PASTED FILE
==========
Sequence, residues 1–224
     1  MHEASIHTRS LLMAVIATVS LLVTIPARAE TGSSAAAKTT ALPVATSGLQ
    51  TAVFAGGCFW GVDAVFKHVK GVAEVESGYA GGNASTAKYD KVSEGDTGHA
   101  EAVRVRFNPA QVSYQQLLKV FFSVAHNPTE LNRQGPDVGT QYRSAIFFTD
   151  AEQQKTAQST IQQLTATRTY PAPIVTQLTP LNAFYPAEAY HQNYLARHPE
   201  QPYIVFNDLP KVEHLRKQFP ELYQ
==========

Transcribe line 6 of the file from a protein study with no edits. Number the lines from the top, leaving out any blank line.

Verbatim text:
   201  QPYIVFNDLP KVEHLRKQFP ELYQ